The Friedman case continues to be defined by delay. Two years after I posed the question, Is Actual Innocence "Capturing the Friedmans"?, the frustrating answer is: We still don't know. Below is a tangled story of: evidence withheld by the Nassau County District Attorney's office from its own case advisory panel; a panelist's subsequent modification of the panel's original recommendations; a defamation lawsuit filed by the defense against the DA's office; the recent election of DA Kathleen Rice to U.S. Congress; and a judge set to hear Friedman's case, though she worked as an Assistant DA with DA Rice for years.
In the above 2012 article, I summarized the case background:
On November 25, 1987, I was sprawled out on my parents' couch, when my favorite high school teacher appeared on the TV news. Arnold Friedman was a retired NYC instructor who taught computer classes in his home for local kids. I watched as he and his 17-year old son, Jesse, were handcuffed and hauled away for horrific child molestation crimes occurring in their basement. I fell off that couch in disbelief. Arnold and Jesse Friedman each pled guilty to avoid a trial, and Jesse learned of his father's prison suicide in 1995. Since his release in 2001, Jesse has attempted to clear his name, so he no longer must register as a Level 3 violent sexual predator. In 2003, new facts about his case emerged in the Oscar-nominated documentary, Capturing the Friedmans, which examined the evidence against the Friedmans and questioned whether any of the allegations against them were truthful. On August 16, 2010, the United States Court of Appeals for the Second Circuit found "a reasonable likelihood that Jesse Friedman was wrongfully convicted" and that "the police, prosecutors and the [trial] judge did everything they could to coerce a guilty plea and avoid a trial." That November, the Nassau County District Attorney appointed a panel of four experts to review the evidence against Jesse.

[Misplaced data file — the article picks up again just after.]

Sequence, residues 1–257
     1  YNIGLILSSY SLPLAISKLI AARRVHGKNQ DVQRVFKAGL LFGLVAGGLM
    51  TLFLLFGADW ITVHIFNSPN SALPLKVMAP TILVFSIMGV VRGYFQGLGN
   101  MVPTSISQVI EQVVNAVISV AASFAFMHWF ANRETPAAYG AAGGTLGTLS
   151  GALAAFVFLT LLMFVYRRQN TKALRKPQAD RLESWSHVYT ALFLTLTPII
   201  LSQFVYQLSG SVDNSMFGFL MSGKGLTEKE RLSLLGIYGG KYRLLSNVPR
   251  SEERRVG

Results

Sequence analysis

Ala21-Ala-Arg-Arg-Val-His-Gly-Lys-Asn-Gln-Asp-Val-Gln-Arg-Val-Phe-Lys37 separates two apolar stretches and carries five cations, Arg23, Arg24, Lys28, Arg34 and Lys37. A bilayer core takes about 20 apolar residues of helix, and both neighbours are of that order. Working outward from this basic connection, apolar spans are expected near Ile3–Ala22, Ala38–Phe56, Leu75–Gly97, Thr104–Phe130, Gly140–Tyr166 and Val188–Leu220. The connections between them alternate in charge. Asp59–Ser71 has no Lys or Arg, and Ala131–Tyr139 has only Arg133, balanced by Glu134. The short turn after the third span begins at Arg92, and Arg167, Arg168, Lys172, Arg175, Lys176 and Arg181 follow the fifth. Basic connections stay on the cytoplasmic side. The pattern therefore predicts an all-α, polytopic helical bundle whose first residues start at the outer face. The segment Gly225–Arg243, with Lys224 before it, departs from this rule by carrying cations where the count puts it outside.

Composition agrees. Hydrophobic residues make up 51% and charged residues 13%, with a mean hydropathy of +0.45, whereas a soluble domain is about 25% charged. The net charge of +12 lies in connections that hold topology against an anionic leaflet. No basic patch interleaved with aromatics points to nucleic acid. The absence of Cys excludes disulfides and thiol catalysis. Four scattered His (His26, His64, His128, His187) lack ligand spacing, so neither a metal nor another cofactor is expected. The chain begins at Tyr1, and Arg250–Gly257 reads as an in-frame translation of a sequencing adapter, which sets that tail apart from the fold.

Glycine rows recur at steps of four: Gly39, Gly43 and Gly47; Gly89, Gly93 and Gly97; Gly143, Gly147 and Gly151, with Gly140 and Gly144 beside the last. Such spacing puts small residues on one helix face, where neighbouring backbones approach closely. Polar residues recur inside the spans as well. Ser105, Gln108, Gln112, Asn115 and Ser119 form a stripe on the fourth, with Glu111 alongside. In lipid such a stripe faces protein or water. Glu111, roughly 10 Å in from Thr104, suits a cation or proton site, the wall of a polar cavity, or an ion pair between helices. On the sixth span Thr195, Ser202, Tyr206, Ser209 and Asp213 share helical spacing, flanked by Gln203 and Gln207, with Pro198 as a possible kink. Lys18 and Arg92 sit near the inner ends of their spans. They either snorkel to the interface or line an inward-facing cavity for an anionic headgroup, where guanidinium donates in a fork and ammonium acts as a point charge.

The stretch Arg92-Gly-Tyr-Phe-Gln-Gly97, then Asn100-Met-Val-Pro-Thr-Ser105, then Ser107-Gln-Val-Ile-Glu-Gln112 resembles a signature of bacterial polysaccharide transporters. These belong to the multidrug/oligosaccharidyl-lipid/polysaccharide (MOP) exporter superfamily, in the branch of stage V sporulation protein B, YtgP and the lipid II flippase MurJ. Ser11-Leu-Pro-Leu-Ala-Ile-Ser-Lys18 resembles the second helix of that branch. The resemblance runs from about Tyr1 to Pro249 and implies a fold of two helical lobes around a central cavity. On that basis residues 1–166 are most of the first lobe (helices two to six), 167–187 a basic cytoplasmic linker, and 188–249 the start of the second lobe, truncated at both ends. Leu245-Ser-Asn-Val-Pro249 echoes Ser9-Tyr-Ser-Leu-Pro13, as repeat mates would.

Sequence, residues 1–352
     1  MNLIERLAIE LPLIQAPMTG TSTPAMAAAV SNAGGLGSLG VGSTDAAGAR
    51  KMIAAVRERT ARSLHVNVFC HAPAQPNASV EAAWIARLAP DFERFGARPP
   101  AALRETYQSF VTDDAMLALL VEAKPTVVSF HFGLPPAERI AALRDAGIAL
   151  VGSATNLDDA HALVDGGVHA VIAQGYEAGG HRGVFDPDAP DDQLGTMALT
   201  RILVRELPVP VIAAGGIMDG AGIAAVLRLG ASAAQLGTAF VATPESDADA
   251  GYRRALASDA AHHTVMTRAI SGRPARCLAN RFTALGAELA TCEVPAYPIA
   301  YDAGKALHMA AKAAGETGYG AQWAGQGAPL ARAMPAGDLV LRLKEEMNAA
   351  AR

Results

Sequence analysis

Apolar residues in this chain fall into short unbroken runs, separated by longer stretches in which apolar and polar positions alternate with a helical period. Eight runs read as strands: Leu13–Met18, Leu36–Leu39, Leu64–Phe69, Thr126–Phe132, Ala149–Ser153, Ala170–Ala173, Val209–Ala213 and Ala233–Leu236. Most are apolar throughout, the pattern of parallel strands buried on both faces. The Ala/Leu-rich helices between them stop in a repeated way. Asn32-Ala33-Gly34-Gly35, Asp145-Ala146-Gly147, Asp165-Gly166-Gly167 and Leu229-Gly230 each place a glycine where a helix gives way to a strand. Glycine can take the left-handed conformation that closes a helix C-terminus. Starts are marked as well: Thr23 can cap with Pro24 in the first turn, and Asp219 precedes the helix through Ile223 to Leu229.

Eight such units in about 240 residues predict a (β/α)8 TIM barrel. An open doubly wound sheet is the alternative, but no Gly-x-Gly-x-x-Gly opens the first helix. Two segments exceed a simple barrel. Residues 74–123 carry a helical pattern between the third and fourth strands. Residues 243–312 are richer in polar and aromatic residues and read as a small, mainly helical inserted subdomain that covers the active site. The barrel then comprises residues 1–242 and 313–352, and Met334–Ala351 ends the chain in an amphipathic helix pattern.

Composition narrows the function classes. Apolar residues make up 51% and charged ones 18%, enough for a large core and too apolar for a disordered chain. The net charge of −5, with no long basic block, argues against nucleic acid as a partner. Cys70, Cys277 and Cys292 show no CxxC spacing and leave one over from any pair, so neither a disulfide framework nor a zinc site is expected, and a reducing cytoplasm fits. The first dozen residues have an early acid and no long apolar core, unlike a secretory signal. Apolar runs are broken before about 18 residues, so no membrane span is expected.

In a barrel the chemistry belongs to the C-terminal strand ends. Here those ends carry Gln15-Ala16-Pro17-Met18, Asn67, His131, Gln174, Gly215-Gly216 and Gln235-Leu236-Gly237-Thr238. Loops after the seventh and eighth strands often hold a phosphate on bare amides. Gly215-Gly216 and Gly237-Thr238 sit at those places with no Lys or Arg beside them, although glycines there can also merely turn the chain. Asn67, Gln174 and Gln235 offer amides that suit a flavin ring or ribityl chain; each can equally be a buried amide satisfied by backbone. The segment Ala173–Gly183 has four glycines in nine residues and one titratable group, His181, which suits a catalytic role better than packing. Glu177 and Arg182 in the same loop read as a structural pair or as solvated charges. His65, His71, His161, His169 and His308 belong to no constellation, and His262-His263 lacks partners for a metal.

Below are the key developments since November 2012:
June 2013 - The DA's office issues an unfavorable report on Jesse's attempt to re-examine the case facts. The report is based on its advisory panel's findings and recommendations. (Frankly, this author thought it was the end of the road for Jesse's appeal, given panelist Barry Scheck's stature as co-founder of the Innocence Project.)
August 2013 - Nassau County Supreme Court Justice F. Dana Winslow orders the DA's office to disclose to the defense "every piece of paper for People against Friedman." The DA's office is appealing that ruling.
June 2014 - Mr. Scheck states in a sworn affirmation:
I believe it would be desirable for the court and the parties, utilizing whatever procedural mechanisms the court deems suitable, to review materials not available to the Advisory Panel, such as grand jury minutes, the original case file, and the results of the re-investigation to aid in finally resolving, to the extent possible the issue of Jesse Friedman's guilt or innocence.